How Affirmative Action Became an Upper-Middle Class Benefit
When the grandchildren of Ellis Islanders became alumni, they stopped pushing for meritocracy and started favoring carve-outs, writes Lloyd Green.
That the Supreme Court keeps grappling with affirmative action while Washington lawmakers keep their distance makes it clear that elected lawmakers are content to let the Justices take the fore.
The Court is grappling this term with the constitutionality of preferential admissions at the University of Texas, and recently announced that it will review next fall the Michigan Civil Rights Initiative (MCRI) that amends the Michigan Constitution to prohibit preferential treatment based upon “race, sex, color, ethnicity, or national origin” in admissions, employment or public contracts.
Regardless of when and how the Supreme Court rules on the pending challenges to affirmative action, here are three takeaways:
One, opposition to affirmative action does not necessarily translate into opposition to Barack Obama. Two, interest groups that opposed racial preferences in the 1970s may now be among its backers. Three, liberal support for affirmative action as we know it may be ebbing, as “diversity” has become a shorthand for race.
As David Leonhardt put it in the New York Times, “low-income students, controlling for race, receive either no preference or a modest one, depending on which study you believe.” In other words, affirmative action is now another upper-middle class benefit.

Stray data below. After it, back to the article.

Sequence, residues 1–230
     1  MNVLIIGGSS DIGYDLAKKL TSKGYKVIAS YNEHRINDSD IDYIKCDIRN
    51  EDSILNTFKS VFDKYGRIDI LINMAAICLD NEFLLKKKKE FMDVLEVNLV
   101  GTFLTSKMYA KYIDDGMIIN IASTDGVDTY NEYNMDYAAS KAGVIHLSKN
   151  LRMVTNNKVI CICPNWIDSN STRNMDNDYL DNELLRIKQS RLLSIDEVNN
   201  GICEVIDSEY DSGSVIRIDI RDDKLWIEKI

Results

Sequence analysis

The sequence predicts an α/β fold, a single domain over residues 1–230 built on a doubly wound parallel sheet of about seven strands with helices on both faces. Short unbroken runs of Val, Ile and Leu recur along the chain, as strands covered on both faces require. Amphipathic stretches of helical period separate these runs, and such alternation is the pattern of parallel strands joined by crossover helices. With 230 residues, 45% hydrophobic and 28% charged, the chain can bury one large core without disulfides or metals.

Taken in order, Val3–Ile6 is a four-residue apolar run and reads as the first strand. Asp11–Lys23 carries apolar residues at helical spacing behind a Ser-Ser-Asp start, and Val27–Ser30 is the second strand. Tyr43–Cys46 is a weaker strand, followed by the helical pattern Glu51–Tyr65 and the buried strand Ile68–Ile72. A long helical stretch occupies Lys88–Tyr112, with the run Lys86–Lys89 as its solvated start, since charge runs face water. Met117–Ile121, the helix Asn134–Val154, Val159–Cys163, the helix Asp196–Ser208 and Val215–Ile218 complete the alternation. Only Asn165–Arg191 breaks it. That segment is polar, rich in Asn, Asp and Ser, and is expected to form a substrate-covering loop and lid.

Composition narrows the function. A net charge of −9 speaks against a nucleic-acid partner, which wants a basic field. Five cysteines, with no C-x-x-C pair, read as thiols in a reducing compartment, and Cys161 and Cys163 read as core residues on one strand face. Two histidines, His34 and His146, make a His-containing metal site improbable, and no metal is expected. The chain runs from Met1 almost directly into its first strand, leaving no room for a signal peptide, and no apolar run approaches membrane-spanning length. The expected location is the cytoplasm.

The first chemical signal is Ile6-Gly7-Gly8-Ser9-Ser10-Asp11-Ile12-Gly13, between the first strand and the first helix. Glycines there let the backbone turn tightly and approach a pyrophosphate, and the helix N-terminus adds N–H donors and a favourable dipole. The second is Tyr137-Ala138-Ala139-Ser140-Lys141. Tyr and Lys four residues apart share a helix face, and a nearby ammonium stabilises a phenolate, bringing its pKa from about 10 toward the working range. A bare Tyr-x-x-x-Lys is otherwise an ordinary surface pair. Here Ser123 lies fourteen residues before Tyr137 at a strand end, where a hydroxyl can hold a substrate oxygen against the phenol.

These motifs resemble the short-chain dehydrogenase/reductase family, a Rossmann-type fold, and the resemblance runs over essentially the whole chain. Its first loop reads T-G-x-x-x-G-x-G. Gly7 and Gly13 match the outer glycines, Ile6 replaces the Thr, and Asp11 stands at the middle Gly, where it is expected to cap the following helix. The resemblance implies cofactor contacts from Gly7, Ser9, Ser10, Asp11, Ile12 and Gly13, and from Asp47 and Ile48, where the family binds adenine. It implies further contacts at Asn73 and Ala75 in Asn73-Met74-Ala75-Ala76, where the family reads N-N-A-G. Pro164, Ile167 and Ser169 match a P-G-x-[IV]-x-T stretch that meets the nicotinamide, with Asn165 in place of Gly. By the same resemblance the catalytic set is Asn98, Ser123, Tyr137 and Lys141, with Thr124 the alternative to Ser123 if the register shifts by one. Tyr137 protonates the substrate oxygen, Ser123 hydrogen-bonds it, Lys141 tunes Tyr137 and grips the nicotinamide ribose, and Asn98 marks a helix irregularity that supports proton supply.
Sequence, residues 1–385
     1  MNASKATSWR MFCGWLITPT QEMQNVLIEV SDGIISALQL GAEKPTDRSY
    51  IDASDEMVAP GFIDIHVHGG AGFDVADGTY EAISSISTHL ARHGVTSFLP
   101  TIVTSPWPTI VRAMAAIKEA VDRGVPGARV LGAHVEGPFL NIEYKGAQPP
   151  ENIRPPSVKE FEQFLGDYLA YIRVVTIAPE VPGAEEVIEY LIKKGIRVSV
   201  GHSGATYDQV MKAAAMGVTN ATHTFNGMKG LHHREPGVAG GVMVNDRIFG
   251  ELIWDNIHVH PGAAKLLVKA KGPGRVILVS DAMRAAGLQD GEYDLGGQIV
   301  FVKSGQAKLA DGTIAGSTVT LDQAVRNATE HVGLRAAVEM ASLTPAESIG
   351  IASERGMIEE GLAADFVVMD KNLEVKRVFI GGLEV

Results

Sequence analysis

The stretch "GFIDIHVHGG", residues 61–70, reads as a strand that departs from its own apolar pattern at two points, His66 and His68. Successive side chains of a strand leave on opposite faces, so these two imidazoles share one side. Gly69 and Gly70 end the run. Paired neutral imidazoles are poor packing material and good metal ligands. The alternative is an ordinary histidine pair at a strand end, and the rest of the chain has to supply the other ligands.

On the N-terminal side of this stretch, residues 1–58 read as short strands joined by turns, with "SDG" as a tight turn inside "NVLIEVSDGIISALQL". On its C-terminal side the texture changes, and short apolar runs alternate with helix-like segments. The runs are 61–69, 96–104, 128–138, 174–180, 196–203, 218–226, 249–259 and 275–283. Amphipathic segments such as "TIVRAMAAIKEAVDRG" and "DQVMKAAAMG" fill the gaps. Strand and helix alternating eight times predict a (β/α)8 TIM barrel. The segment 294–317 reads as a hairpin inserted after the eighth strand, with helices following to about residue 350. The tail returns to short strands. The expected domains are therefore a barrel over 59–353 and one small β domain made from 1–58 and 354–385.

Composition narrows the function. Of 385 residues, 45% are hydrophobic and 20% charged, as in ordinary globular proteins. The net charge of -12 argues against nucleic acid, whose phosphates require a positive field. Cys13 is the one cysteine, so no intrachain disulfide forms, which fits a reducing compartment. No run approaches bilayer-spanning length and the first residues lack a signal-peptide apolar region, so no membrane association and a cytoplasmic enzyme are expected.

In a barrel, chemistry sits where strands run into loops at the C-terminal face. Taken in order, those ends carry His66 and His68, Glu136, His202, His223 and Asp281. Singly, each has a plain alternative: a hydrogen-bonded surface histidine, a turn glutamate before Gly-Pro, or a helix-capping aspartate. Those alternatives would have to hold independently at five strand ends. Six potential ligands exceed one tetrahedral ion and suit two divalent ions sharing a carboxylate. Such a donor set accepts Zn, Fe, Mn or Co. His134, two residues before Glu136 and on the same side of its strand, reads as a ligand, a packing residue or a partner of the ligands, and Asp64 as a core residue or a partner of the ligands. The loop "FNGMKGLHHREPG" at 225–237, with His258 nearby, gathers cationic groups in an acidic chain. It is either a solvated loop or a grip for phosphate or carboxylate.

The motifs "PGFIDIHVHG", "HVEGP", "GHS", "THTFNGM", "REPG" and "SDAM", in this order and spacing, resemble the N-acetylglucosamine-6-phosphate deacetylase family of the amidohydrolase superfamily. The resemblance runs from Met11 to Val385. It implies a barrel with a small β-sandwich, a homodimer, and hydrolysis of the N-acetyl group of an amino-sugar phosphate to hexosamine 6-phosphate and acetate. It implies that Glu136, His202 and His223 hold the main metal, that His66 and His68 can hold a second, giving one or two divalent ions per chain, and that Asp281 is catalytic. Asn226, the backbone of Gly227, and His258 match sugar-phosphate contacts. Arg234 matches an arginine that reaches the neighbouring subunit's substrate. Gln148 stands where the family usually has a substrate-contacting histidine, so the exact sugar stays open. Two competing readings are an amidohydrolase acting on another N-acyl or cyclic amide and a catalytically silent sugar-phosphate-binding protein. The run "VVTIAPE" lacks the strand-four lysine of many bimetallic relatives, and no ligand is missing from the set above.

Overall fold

So how did we reach this point? Ten years ago the Supreme Court struck down the University of Michigan’s undergraduate admissions policies as impermissible racial quotas, but left intact the University’s Law School race-based preference policy. Michigan voters responded to the Court’s decisions by approving by a nearly a 3-2 margin the MCRI in 2006.
Exit polls showed nearly every demographic group backing the measure by large margins. White voters, independents, non-church-goers, evangelicals, college graduates, and high school drop-outs all whole heartedly backed the MCRI. Subsequently, a legal challenge ensued and in a November 2012 decision an 8-7 majority of the U.S. Court of Appeals for the Sixth Circuit struck down the MCRI as unconstitutionally burdening minorities. Enter the Supreme Court, which recently announced that it would hear arguments next fall on the MCRI’s legality.